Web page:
"I think this demonstrates -- which was what the military exercise demonstrated, too -- that it is Moscow, not Belarus, not Minsk, that runs things on its territory. And it is Moscow, not Minsk, that makes decisions on who goes where," she said in an interview with LRT Radio aired on Friday morning.
Lukashenko received an invitation to the Eastern Partnership summit, but sent his foreign minister to Brussels.
Grybauskaitė underlines that Lithuania's relations with Belarus are complicated due Minsk's military cooperation with Russia, particularly the Zapad drills held earlier this autumn, as well as the nuclear power plant that Russia's state corporation Rosatom is building in Astravyets, some 40 kilometers from Vilnius.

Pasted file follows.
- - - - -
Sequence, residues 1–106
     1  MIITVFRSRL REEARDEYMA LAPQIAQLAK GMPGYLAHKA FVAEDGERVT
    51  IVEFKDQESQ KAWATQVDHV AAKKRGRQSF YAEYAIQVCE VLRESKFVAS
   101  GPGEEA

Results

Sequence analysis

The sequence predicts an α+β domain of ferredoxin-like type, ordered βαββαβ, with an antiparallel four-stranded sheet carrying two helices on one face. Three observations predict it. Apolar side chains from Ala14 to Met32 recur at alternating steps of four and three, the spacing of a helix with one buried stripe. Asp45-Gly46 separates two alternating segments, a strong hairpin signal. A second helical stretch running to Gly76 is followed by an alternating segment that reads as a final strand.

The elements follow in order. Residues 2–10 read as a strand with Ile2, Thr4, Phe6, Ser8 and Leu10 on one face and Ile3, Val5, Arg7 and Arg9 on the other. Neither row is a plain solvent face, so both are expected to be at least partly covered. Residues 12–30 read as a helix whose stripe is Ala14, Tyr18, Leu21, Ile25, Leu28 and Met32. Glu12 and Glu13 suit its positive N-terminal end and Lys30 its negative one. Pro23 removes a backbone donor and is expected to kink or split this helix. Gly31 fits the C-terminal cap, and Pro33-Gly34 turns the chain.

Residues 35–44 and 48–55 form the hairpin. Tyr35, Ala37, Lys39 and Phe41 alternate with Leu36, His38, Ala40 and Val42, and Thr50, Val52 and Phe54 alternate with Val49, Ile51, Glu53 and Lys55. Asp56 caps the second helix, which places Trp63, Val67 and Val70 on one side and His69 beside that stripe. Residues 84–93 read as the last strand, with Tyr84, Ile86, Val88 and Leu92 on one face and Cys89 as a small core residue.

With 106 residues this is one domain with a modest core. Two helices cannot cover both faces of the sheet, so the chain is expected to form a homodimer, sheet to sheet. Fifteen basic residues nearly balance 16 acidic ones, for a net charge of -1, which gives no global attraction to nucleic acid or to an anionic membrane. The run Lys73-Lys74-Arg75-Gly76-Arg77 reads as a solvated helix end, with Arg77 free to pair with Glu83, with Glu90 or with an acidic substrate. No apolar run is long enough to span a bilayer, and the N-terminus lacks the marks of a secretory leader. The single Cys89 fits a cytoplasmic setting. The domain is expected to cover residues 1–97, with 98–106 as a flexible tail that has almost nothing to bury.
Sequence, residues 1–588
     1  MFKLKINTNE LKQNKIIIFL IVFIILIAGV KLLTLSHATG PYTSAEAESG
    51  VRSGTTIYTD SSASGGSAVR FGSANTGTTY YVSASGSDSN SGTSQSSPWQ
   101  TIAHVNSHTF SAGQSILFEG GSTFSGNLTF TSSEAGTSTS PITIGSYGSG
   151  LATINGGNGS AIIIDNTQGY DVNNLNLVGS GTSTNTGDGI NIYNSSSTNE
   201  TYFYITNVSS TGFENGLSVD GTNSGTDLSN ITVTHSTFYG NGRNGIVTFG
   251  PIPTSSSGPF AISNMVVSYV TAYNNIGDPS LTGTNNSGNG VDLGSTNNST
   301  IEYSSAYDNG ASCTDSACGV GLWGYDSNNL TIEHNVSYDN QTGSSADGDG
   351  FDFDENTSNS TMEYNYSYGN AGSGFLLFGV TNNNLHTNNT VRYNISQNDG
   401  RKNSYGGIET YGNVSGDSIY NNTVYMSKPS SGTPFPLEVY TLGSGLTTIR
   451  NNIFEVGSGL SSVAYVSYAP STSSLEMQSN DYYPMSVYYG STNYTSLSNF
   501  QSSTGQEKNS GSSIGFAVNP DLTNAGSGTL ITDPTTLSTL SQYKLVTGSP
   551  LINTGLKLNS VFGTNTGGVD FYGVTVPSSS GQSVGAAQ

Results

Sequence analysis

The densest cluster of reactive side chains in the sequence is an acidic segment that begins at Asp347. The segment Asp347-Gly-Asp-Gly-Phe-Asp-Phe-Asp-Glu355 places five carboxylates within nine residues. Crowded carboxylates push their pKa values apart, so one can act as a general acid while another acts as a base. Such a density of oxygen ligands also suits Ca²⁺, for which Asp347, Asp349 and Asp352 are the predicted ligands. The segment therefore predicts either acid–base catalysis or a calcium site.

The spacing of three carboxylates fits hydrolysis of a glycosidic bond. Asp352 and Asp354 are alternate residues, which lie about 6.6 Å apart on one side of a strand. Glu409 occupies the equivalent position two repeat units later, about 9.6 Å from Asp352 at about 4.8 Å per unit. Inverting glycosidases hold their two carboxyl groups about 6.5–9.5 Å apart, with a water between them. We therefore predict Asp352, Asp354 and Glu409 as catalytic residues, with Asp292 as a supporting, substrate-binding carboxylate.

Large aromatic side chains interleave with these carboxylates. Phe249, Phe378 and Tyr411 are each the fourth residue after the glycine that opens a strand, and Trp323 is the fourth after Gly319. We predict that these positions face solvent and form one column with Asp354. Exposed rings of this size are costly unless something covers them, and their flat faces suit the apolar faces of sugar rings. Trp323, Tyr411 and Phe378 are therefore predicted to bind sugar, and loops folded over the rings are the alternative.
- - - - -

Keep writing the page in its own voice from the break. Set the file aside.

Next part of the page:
According to the president, Rosatom "conceals information and is not a transparent builder" and Lithuania will continue to seek a "full-fledged" SEED mission by the International Atomic Energy Agency (IAEA) on the Astravyets site.